Winter is the low season for travel in Korea. Day temperatures remain below freezing and snowfalls cause traffic jams, often paralysing major cities.
But it's one of the best times of the year to enjoy the scenic winter views in the provinces. "Hanok" lodgings across the country offer true relaxation for those who wish to get away from the crowds at ski resorts or hot springs and look back on the year.
The Korea Tourism Organisation has recently recommended top hanok accommodation for winter travelers.
Ssangsanjae in Gurye
Ssangsanjae, nestled between Jirisan Mountain and the Seomgjingang River, is thought to be the spot where Doseon Guksa, a Korean Buddhist monk, formulated the principles of Korean feng shui. Located in Sansa Village, South Jeolla Province, Ssangsanjae has been the main family house of the Oh clan for about 200 years. The hanok lodging is composed of separate buildings that were used as a kitchen, guestroom, study room and more on the 16,500-square-meter estate. For more information, call (061) 782-5179.
Cheongsong Hanok Village
The hanok village in Cheongsong, North Gyeongsang Province, has no televisions in its guestrooms. Instead, guests are invited to play traditional folk games in the courtyard, take a stroll through the scenic village or read books in rooms with traditional "ondol" floor heating systems. For more information, call (054) 870-6240.
Yeongwol Jogyeondang and Ugujeong Hanok
The Jogyeondang and Ugujeong hanoks in Yeongwol, registered as cultural assets of Gangwon Province, have quite different styles. Jogyeongdang, owned by one of the Kim clans, combines old and new. The guesthouse has been renovated to offer modern amenities. It holds programs for visitors, including storytelling by the oldest woman in the family and a tea ceremony. Ugujeong Hanok is a well-preserved set of hanok. Composed of three types of houses, it offers visitors a taste of the cozy, rural life of Korea. For more information, call 1577-0545.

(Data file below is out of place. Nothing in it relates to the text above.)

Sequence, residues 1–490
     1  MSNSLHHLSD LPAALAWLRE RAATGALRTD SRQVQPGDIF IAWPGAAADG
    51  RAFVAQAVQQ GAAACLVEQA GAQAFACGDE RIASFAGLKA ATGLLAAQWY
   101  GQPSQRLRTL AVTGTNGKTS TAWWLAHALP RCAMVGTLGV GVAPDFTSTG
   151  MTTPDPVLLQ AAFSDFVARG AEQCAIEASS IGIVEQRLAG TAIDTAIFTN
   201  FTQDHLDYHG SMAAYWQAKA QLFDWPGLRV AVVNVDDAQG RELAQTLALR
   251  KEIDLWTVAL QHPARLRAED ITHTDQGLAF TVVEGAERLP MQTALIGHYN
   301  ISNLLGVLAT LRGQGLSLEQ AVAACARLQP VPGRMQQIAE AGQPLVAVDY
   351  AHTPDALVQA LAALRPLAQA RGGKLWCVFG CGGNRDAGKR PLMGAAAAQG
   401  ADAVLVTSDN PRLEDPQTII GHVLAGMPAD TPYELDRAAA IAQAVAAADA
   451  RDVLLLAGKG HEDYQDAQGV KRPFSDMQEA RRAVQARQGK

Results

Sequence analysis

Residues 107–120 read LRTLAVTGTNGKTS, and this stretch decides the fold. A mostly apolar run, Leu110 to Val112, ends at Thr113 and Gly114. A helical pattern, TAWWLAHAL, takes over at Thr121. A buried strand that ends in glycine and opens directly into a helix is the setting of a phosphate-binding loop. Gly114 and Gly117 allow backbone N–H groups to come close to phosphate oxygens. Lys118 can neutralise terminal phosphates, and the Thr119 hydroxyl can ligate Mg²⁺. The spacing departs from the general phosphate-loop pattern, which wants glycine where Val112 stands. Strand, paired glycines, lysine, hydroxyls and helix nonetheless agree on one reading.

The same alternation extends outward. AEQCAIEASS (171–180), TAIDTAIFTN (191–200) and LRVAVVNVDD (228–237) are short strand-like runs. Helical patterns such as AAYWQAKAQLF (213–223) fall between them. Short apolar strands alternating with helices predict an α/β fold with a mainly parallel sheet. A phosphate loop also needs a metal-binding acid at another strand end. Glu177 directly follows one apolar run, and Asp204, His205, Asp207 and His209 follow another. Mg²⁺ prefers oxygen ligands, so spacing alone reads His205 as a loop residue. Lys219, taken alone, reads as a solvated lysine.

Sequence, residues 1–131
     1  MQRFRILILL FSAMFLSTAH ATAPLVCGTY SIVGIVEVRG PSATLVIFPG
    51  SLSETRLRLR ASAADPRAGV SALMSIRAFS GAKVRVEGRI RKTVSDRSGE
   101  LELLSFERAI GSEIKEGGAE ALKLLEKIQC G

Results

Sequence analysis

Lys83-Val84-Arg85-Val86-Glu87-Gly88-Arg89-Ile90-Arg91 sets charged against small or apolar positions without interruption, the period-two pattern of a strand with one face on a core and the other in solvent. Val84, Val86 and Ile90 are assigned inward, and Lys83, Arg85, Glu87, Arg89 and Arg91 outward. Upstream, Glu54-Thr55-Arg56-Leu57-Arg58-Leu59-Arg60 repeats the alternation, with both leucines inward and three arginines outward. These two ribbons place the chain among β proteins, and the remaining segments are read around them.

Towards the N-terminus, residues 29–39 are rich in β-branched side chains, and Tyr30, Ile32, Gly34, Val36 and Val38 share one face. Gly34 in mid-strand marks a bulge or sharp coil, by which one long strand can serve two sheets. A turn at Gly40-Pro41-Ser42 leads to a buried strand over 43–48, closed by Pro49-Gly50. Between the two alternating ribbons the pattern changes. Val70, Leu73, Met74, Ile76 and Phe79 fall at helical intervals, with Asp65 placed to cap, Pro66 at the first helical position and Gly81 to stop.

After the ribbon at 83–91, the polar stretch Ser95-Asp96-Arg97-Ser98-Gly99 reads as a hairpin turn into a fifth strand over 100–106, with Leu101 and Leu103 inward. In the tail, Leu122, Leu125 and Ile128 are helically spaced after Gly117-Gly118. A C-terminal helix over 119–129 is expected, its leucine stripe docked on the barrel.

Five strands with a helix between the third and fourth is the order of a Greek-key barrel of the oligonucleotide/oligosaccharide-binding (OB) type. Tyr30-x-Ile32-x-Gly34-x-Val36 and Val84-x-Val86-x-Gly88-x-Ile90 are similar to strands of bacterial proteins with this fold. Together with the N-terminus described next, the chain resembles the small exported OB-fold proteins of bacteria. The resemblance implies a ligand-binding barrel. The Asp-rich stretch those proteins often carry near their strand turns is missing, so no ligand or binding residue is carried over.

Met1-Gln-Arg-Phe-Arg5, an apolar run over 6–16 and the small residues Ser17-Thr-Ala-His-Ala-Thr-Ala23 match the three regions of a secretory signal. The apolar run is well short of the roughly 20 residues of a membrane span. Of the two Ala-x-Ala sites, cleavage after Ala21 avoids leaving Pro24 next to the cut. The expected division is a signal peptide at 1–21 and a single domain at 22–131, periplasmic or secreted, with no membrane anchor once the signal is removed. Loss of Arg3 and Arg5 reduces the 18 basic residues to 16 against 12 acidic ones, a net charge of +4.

Royal residence of Joseon
Found on the grounds of Sungkyunkwan University in Seoul and originally the residence of Joseon-era royalty, this hanok was moved to the northern city of Yeoncheon, Gyeonggi Province. After being restored, it began accommodating tourists.
The hanok was built in the 1800s and once belonged to Lee Geun, grandson of King Gojong of the late Joseon era. It was restored with natural materials to promote a traditional Korean lifestyle. The hanok also overlooks Yeoncheon rice field.
The hanok is close to natural attractions including Jusangjeolli Cliff, near where the Imjingang and Hantangang rivers meet. The Jeonggok Prehistoric Museum offers a glimpse into the lives of prehistoric Koreans.